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Transmit Security’s serial unicorn entrepreneurs strike again

Analysis

Transmit Security’s serial unicorn entrepreneurs strike again

The Israeli cybersecurity company’s recent $543 million round was just the latest on a long list of successes by its founders, Mickey Boodaei and Rakesh Loonkar, highlighting how much easier it is for returning entrepreneurs to raise funds and recruit employees

Hagar Ravet and Meir Orbach  | 11:42  25.06.2021

Mickey Boodaei has been running one of the most successful high-tech companies in Israel under the radar for seven years. On Tuesday, Transmit Security, recorded the largest fundraising round in Israeli cyber history with a $543 million Series A round, led by Insight Partners and General Atlantic funds, valuing the company at $2.2 billion.

Boodaei is well-known in Israeli tech. He was one of the founders of Imperva, and in 2006 teamed up with Rakesh Loonkar, his Transmit co-founder, to set up Trusteer, a fraud protection platform sold to IBM within seven years of its inception as part of IBM's largest acquisition in the cybersecurity world. It was these successful moves that enabled Boodaei and Loonkar to self-finance the founding of Transmit in 2014. The two gave the new company an owner’s loan that was repaid shortly after the company’s launch.

Transmit Security founders Rakesh Loonkar (left) and Mickey Boodaei Photo: Amit Shaal, Getty Images Transmit Security founders Rakesh Loonkar (left) and Mickey Boodaei Photo: Amit Shaal, Getty Images Transmit Security founders Rakesh Loonkar (left) and Mickey Boodaei Photo: Amit Shaal, Getty Images

However, Boodaei is not the first entrepreneur to strike success multiple times. Transmit is part of a small group of unicorns and growth companies set up by experienced entrepreneurs, often with deep pockets from previous paydays. A very partial list includes: Shlomo Kramer's Cato Networks, Assaf Rappaport's Wiz and the other founders of Adallom, and Ido Susan's DRIVENETS, who previously sold Intucell to Cisco for almost half a billion dollars. These names are joined by serial entrepreneurs turned serial investors, such as Avigdor Willenz who has registered exits in the billions over the years.

Relationships worth millions

There are a few reasons why returning or serial entrepreneurs, as those who have set up more than three companies are commonly referred to, manage to set up large companies very quickly, and experience is just one of those reasons. Relationships and equity are just as important.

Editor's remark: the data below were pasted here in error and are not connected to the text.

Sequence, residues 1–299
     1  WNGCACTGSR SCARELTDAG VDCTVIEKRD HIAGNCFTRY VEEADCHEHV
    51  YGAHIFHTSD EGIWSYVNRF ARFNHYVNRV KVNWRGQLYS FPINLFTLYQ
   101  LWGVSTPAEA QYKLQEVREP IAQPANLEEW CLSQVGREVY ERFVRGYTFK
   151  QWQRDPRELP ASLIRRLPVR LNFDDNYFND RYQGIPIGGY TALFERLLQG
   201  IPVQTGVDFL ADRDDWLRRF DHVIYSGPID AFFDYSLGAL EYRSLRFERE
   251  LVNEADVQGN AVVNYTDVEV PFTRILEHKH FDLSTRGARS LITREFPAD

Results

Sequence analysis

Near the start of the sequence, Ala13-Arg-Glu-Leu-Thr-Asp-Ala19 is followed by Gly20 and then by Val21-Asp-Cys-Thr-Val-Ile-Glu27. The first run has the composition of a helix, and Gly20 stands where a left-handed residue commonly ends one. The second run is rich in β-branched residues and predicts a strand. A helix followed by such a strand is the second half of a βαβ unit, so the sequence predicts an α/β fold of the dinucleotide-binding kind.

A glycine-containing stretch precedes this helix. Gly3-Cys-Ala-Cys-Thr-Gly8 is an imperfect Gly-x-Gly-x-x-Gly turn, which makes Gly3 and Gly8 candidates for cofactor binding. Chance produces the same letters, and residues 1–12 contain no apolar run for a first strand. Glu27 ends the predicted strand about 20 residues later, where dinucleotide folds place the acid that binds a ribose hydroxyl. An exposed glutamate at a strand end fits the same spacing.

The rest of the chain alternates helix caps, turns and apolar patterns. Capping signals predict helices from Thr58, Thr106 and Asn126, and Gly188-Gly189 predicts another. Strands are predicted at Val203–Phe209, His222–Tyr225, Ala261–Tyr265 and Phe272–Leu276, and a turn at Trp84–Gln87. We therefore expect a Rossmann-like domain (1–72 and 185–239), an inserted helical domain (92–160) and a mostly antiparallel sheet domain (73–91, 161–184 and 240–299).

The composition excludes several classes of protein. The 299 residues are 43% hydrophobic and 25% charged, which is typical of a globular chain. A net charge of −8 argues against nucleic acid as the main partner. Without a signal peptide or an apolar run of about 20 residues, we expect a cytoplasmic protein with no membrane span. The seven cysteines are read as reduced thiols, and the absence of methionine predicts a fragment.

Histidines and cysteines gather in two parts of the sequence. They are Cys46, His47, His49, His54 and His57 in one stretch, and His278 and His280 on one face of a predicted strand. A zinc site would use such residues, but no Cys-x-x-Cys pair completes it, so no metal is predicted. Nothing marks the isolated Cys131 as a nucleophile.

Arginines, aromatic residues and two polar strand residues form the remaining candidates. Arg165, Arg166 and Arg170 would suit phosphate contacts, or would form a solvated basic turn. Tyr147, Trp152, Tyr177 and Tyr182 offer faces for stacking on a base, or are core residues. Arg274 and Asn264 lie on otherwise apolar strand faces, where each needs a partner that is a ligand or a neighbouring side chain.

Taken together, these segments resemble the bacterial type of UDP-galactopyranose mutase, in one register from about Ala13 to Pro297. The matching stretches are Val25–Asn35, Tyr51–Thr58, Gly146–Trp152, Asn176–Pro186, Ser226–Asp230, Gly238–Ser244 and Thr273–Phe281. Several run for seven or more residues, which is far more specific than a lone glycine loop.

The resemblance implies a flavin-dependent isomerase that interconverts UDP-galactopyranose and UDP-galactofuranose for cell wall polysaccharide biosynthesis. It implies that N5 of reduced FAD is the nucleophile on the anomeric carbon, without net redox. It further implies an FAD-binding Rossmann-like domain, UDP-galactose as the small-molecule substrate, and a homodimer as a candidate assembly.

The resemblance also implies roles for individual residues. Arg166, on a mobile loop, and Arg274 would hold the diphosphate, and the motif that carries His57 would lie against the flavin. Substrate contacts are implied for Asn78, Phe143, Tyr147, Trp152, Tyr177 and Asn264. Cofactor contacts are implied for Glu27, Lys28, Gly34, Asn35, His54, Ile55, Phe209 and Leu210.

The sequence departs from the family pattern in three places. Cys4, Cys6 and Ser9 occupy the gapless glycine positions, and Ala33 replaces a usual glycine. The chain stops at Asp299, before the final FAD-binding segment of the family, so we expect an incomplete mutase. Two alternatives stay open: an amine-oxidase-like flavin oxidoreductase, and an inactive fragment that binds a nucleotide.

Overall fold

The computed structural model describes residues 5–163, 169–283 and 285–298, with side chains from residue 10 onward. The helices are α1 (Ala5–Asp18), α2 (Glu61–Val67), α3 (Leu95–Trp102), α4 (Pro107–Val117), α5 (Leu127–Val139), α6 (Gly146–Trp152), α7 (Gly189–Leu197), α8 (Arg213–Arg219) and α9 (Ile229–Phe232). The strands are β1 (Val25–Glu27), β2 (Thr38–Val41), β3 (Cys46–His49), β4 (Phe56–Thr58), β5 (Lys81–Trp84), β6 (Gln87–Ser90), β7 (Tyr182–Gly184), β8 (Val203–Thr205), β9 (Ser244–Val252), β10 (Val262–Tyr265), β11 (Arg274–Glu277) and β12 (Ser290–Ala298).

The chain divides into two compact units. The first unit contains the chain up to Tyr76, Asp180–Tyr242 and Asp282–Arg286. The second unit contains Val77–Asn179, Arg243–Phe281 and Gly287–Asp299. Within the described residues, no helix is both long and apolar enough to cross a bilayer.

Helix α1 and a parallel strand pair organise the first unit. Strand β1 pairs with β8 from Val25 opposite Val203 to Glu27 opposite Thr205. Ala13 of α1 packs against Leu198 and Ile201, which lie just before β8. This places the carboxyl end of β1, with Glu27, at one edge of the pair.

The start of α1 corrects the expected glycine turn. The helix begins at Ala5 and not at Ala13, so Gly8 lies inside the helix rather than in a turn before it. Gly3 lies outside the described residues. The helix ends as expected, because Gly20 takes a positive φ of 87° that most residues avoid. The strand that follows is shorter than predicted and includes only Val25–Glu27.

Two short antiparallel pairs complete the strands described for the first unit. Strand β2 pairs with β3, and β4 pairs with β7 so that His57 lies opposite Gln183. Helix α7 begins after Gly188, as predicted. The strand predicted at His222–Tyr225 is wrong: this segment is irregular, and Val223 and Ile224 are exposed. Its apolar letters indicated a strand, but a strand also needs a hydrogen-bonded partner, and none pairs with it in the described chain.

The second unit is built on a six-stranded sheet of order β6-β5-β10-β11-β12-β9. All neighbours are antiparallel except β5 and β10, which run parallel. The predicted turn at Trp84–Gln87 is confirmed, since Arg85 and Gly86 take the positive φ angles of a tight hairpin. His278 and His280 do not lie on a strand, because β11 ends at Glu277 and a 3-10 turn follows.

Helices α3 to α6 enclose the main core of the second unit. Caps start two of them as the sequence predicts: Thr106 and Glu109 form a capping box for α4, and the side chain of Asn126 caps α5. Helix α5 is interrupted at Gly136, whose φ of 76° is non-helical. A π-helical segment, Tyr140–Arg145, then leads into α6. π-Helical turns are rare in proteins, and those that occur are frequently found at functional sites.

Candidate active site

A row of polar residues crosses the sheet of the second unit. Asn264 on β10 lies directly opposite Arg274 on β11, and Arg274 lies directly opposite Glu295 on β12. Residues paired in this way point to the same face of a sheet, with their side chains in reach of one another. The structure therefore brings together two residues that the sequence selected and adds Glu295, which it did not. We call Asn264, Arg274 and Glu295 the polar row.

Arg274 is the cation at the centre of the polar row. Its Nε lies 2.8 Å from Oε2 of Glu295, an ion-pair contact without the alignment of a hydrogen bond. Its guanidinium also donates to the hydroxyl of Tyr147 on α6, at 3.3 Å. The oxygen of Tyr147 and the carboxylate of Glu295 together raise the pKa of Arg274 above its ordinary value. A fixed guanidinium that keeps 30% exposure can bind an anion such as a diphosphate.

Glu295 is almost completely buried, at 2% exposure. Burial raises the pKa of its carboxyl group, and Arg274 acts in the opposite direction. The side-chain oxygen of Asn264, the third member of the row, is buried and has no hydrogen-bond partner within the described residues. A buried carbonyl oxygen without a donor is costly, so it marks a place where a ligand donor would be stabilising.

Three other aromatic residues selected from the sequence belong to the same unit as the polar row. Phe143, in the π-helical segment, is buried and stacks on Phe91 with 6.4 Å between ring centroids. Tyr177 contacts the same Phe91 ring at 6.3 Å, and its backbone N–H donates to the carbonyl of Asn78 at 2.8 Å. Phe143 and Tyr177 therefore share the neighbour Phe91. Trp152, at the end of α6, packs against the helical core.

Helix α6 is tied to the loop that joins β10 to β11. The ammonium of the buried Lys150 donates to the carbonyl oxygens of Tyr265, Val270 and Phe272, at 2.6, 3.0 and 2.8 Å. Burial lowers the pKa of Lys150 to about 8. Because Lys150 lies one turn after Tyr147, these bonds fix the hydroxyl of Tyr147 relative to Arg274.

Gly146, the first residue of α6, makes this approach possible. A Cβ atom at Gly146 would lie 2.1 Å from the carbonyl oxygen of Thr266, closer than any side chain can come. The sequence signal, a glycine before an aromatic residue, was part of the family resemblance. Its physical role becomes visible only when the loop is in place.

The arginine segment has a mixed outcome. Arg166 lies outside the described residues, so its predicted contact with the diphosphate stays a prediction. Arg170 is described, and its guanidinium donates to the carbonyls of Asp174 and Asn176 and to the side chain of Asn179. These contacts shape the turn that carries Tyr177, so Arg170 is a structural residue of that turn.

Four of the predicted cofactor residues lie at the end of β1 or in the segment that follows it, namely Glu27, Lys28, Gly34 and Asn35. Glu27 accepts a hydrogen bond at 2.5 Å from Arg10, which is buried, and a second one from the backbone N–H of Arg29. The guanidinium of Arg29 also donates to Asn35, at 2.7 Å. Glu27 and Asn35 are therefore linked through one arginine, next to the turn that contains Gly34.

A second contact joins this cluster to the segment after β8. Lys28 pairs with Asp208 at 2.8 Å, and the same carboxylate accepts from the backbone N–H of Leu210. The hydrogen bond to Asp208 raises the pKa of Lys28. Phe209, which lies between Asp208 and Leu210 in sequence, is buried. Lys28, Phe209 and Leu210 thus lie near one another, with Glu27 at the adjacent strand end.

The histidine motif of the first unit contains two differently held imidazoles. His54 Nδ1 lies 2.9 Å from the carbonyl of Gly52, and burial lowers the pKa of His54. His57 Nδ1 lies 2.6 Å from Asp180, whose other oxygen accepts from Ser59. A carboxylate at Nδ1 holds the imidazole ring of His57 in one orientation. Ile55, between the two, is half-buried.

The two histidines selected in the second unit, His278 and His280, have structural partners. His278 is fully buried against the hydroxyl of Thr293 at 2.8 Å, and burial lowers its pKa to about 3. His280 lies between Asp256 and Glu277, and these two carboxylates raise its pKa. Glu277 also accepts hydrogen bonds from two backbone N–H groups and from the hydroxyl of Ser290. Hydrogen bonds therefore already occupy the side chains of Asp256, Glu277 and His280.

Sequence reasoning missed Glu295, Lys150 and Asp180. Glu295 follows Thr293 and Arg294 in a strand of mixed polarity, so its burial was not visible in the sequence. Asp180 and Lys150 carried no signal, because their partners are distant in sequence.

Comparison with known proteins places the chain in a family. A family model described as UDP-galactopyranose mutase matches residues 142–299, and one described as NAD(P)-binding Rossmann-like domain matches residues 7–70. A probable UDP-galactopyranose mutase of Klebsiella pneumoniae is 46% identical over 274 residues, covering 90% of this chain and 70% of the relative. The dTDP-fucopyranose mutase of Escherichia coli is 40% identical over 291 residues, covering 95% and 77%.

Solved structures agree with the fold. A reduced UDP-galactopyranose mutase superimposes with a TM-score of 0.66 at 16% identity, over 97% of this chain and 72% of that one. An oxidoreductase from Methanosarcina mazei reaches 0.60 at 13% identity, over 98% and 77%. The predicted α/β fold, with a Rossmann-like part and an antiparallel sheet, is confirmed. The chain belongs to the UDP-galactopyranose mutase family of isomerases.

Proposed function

Personal relationships, or networking, include one’s acquaintance with the market and its prominent investors, as well as one’s reputation in the industry. Rappaport, for example, raised funds for Wiz quickly thanks to the investors who accompanied him since Adallom. Furthermore, serial entrepreneurs have an advantage in recruiting, after all, who would not want to work on the new venture of someone who has already proved successful, and the employees in his previous company paid off their mortgages with their stock options.

In addition, serial entrepreneurs, especially those who experienced a quick and successful payday, often mention an ambition to set up a "long-term" company and avoid selling it even as tempting offers start to flow. "Rakesh and I have been through a lot in life," Boodaei told Calcalist in April. "We’ve checked the boxes of selling companies and taking them public, but have yet to lead a giant company and that was something that was important for us on a personal level." Wiz’s Rappaport shared a similar sentiment in a Calcalist op-ed writing “when you take a great deal of money at a high valuation, you remove from the table good options for acquisition at a valuation of hundreds of millions of dollars. This didn’t suit Adallom, but it does work for Wiz.” Amit Bendov, the founder of Gong, which recently raised funds at a $7.2 billion valuation, told Calcalist in December 2020 that “there is a generation of entrepreneurs here who got started in 2000, made exits, and don’t have any pressure to sell. We know how to do things differently, we possess accumulated knowledge. No one in this room views $2 billion as the peak of their aspirations.”

While having aspirations is all good and well, without serious equity being accumulated, it is doubtful that these aspirations could be discussed in such confidence. Even at a time when big money is flowing into the industry, almost indiscriminately, an entrepreneur who sets up his or her first company will often go through a grueling fundraising journey including attending conferences and events, trying to hunt down investors, and build a network of connections from scratch. Entrepreneurs describe months in which they did not take a salary from the company they set up so they could pay others. The reality of serial entrepreneurs is completely different, even if they choose not to inject equity into the new company, they are often inundated with investment requests from large, well-known funds.

“Money is being pushed in your direction”

Israel’s tech industry breaks fundraising records every quarter, but the lion’s share of this capital is channeled to growth companies. Investments in Israeli startups in 2020 amounted to $11.5 billion, a fourfold increase within a decade (according to data from Israeli’s Innovation Authority). Since 2015, however, there has been a consistent decline in seed investments, meaning investments in young companies, usually without a product or customers. Furthermore, according to the Innovation Authority's annual report, which was released earlier this month, the number of new startups in Israel has been declining since 2014. Within five years, the number of new startups in Israel fell from about 1,400 in 2014 to an estimated 850 companies in 2019 and about 520 in 2020.